K-J Goes Undercover

Let’s imagine there’s a popular reality television show in which a company president secretly spies on his employees while pretending to be a prospective new hire. Say, one day, a TV crew shows up at your workplace with a middle-aged guy who says he wants to switch careers, and nobody says, “Hey, doesn’t that guy work in the office?”

In other words, is CBS’ new show Undercover Boss believable?

Based on a recent advance screening of this Sunday’s episode, which stars Kendall-Jackson president Rick Tigner, they seem to have pulled it off. With his salt-and-pepper hair dyed black, wearing a ten-gallon hat and sporting a horseshoe stash, Tigner is well-disguised as a grocery store manager from Plano, Texas, going for a dry run at his “dream job in the vineyards.”

We learn that Tigner is a sympathetic figure, with a hard-luck upbringing and challenges at home—not the kind of arrogant CEO that viewers would too much relish seeing taken down a notch. Piqued by musical cues, the tears are brought on early and often—but to the show’s credit, it doesn’t romanticize wine country and doesn’t whiplash the viewer with the fast-cut, five-second confessionals typical of the genre. Ten seconds, minimum.

As “Jake,” Tigner is paired up with a series of employees who attempt to show him the ropes: an energetic young viticulturist; a potty-mouthed truck driver; a 20-year veteran who started at K-J the same week as Tigner; and a single mother who confides to Tigner, “Not having any benefits for my children, that does get to me.”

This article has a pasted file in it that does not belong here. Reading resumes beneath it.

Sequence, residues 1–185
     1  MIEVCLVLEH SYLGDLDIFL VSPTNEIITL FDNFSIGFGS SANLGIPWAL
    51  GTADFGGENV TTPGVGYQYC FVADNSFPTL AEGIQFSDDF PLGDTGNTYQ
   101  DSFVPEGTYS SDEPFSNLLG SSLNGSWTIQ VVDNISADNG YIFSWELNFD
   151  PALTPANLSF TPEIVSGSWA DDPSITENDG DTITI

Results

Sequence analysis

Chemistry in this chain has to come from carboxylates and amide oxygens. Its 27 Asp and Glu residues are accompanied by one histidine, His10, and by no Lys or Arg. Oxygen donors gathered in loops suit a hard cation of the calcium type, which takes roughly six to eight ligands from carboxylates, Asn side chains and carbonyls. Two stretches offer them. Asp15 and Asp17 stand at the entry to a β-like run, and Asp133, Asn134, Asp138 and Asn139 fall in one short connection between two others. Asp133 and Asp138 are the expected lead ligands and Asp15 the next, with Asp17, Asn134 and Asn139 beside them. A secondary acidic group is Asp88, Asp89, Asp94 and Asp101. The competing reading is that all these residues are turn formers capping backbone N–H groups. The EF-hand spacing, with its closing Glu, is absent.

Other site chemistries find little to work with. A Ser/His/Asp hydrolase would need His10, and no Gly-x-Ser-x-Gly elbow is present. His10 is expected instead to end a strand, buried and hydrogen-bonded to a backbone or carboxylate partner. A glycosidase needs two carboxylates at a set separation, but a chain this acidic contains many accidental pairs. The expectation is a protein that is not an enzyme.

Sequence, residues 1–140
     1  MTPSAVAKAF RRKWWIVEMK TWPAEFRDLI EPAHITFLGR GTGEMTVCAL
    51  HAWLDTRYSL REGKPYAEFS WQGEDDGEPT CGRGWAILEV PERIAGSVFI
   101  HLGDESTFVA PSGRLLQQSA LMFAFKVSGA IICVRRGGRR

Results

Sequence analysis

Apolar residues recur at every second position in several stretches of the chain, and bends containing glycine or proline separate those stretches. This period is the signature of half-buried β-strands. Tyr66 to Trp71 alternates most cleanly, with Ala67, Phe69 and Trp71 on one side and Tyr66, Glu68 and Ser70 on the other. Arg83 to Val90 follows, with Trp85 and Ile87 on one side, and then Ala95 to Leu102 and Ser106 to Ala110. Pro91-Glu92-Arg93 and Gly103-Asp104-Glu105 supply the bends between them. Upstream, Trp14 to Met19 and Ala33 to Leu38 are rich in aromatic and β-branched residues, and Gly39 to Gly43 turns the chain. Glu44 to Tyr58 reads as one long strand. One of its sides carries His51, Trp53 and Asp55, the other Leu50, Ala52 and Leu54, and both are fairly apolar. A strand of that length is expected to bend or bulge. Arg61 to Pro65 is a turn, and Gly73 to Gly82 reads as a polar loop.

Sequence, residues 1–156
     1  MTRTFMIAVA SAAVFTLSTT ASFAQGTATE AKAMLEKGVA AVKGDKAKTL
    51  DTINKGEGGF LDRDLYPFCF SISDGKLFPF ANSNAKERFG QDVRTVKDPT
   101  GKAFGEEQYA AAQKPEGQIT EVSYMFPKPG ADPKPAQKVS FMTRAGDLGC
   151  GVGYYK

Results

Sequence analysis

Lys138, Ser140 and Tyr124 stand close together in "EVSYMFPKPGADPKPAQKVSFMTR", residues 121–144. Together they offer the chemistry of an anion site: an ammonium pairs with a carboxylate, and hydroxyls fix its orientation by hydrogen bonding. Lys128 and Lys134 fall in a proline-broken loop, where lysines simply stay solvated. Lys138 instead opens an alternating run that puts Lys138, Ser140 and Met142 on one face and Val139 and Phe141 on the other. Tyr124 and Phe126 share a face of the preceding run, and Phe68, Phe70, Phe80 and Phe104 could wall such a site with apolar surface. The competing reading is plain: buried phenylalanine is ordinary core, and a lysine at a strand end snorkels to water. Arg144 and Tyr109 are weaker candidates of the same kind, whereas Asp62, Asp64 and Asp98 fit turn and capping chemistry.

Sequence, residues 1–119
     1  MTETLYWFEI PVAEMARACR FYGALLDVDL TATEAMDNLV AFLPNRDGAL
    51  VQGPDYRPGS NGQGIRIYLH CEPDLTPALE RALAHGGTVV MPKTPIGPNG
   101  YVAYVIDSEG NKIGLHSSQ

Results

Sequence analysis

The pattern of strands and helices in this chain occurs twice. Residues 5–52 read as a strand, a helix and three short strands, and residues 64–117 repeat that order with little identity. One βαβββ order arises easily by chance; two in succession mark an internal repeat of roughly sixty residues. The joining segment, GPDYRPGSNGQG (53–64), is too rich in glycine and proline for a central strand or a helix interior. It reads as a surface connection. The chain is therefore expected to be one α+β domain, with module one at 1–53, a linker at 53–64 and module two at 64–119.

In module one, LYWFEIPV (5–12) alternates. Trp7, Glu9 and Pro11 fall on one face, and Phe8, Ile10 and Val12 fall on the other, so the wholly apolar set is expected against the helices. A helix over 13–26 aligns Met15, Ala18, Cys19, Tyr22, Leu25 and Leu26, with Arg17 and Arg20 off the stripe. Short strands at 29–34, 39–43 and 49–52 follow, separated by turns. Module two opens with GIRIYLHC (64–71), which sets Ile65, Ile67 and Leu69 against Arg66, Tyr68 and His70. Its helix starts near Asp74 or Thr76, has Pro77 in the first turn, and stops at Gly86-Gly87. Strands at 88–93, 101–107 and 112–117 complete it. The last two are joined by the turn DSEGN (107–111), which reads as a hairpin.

But who could help? True to format, both reckoning and reward are at hand. Tigner loses the mustache, doffs the hat, slips into a suit and reassumes his seat behind the executive desk. “You know who I am?” he asks the first hapless employee, with a smirk. Some will receive gifts; others have inspired company-wide changes; one will get a second chance.

Critics of the show have said that it confirms workplace norms of arbitrary power, in return for the cheap thrill of temporarily discomfiting the chief. But Kendall-Jackson had a different goal. Seeking to put a new face forward at a time when they were losing their paterfamilias—Jess Jackson passed away last April—the company approached reality TV with hesitation. For as much as most consumers may regard K-J as a supermarket ubiquity, it’s a family-run business, whose employees, from top down, constantly frame discussions around Jackson. Ultimately, he is their undercover boss, and he’ll always be watching them.

The Kendall-Jackson episode of Undercover Boss airs on Sunday, Jan. 29, on CBS. 8–9pm.

Sonoma County Library